Reply
Profile Photo Jeffrey Levy

These are great points. I also agree with prior commenters that the manager has to stand up for the team. And even when someone on your team really has messed up, take the hit publicly and then discuss it privately with them, with a focus on improvement, not blame.

I sum it up as “take all responsibility, give away all credit.”

Reply
Profile Photo Linda K. Sanderson

These are great habits. I would add two more:

9. Instead of fearing and avoiding conflict, become good at conflict resolution – good communication (as described in #5) minimizes conflict, but conflict is inevitable. I actually suggest that some forms of conflict are desirable (we cannot all think alike, nor should we want a team where everyone thinks alike). Some forms of conflict can challenge people to learn and grow; it can also facilitate an environment of creativity in problem solving (a critical function of effective teams).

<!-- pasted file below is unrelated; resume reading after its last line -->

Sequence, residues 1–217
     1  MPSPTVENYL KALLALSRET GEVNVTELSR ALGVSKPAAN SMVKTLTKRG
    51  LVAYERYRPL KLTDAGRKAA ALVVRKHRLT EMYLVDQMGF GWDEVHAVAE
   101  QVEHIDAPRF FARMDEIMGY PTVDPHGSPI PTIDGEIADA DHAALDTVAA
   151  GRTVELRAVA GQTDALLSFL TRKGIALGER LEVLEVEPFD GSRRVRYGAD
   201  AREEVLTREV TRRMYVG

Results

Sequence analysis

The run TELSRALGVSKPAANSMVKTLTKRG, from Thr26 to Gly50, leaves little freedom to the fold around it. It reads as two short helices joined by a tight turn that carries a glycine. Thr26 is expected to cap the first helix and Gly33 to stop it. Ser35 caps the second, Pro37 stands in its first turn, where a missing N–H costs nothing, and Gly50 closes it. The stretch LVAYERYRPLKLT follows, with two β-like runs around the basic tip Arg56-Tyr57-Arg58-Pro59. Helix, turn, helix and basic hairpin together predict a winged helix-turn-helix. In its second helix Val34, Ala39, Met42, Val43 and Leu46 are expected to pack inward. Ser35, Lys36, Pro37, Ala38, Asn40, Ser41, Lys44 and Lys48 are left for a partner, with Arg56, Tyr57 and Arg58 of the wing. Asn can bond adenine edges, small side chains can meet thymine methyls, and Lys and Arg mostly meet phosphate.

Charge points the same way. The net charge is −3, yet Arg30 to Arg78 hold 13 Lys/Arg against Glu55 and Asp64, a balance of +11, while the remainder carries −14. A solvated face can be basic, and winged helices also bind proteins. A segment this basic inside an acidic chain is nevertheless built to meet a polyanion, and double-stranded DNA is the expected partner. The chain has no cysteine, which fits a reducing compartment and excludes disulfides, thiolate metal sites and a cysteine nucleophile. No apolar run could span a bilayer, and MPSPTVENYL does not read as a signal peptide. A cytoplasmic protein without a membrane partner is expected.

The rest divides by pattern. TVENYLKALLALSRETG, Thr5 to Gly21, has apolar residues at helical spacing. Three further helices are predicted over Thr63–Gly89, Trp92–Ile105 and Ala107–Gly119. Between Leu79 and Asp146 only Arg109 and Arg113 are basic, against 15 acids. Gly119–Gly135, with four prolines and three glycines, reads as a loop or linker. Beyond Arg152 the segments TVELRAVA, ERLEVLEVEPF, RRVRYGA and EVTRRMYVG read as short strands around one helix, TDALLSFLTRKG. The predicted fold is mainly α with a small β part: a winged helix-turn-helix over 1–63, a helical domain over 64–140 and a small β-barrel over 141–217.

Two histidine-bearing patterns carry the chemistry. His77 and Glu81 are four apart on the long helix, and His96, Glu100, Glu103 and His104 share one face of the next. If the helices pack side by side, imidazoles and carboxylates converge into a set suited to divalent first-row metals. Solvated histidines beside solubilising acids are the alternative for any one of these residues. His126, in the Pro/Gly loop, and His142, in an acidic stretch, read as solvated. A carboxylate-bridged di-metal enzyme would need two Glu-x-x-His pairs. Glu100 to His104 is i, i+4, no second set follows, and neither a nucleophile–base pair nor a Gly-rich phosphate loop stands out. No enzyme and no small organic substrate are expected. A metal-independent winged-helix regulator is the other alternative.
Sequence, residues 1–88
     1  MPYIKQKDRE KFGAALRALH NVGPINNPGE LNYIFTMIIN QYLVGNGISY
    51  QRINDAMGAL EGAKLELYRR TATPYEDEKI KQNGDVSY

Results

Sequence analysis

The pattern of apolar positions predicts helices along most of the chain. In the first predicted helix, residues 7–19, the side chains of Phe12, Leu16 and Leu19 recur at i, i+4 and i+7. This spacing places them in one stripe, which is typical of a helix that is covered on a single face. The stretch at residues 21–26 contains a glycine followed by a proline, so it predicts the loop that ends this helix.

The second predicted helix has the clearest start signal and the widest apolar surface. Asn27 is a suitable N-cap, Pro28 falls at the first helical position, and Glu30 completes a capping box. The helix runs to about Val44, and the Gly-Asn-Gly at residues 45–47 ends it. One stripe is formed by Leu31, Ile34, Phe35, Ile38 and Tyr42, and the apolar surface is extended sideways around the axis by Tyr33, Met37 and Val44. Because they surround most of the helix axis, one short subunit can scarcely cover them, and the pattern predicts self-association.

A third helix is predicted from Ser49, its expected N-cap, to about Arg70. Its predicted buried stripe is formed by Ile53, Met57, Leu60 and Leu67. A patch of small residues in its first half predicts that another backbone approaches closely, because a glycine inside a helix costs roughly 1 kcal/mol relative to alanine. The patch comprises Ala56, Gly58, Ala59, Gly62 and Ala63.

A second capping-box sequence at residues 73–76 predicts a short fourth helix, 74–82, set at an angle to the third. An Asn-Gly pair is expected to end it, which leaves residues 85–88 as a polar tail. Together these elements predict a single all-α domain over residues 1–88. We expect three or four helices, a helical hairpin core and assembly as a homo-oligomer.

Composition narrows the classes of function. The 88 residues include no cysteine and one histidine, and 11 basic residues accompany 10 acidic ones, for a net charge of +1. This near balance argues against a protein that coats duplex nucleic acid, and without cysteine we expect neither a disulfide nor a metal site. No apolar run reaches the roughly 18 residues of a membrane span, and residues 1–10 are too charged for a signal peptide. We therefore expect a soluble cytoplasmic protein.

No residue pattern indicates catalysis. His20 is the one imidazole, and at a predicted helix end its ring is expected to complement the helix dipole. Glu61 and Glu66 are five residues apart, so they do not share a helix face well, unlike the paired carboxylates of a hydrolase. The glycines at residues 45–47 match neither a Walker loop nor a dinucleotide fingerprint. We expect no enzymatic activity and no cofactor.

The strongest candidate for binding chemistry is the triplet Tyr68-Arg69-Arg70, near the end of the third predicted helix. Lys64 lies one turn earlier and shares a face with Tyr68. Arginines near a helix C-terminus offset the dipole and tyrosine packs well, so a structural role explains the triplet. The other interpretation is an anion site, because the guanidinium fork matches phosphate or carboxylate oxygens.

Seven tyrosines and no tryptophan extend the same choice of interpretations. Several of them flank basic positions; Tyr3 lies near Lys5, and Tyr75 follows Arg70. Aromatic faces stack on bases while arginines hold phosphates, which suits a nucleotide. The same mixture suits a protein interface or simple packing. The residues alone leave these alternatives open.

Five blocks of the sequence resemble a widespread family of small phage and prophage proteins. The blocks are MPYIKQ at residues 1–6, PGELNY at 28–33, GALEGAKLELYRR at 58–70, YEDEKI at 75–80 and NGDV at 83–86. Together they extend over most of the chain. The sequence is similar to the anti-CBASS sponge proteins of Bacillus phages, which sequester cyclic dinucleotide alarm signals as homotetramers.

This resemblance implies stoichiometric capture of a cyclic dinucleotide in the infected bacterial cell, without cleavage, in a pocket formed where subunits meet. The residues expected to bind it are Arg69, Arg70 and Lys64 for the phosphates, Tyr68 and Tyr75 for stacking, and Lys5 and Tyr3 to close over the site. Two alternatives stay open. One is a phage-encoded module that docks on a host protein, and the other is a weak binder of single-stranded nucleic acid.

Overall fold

10. Hold your team AND yourself accountable.

Reply
Joseph E. Lett

Just want to make the distinction between a Leader and a Manager. A Manager is someone who manages what’s been given to them. In other words, the plan is previously laid out. As a matter of fact Webster’s defines it simply as someone who conducts business. This is a very vague description. Most government jobs are really managing positions. The goal is set, rules are laid out, and the Manager makes sure this is accomplished. However, a Leader is a visionary, they not only follow the set rules and goals of the organization, but they are able to establish better methods, new direction, change mindsets, and take the organization to new horizons. That’s a Leader, not a manager.

Reply